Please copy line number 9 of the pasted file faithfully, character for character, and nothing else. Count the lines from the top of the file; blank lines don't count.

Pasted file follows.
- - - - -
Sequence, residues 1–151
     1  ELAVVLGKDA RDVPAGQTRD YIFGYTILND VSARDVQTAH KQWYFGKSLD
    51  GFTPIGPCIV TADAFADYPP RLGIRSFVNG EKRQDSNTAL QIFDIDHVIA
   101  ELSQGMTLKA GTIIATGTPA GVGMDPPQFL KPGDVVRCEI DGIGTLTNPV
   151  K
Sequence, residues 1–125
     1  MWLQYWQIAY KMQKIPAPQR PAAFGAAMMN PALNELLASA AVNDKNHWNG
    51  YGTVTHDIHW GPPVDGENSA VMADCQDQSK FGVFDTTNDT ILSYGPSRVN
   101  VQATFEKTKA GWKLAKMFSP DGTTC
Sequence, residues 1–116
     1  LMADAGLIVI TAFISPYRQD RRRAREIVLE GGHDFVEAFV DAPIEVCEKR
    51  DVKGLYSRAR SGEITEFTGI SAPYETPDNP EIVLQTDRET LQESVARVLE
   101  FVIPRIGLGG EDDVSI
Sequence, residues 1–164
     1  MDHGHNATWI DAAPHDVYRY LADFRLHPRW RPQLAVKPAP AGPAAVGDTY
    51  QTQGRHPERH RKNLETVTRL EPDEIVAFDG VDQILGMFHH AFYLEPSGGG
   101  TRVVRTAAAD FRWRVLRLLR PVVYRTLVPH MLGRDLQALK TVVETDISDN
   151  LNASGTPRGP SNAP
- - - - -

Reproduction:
   101  VQATFEKTKA GWKLAKMFSP DGTTC